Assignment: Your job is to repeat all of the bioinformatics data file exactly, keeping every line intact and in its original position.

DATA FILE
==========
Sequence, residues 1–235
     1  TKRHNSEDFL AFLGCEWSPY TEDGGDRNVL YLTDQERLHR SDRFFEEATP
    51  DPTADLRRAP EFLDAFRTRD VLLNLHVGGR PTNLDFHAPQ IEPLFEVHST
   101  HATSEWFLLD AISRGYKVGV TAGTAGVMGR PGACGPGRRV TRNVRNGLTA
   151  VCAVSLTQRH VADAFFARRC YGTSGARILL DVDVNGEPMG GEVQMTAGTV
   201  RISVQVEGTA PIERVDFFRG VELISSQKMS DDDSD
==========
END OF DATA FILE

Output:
Sequence, residues 1–235
     1  TKRHNSEDFL AFLGCEWSPY TEDGGDRNVL YLTDQERLHR SDRFFEEATP
    51  DPTADLRRAP EFLDAFRTRD VLLNLHVGGR PTNLDFHAPQ IEPLFEVHST
   101  HATSEWFLLD AISRGYKVGV TAGTAGVMGR PGACGPGRRV TRNVRNGLTA
   151  VCAVSLTQRH VADAFFARRC YGTSGARILL DVDVNGEPMG GEVQMTAGTV
   201  RISVQVEGTA PIERVDFFRG VELISSQKMS DDDSD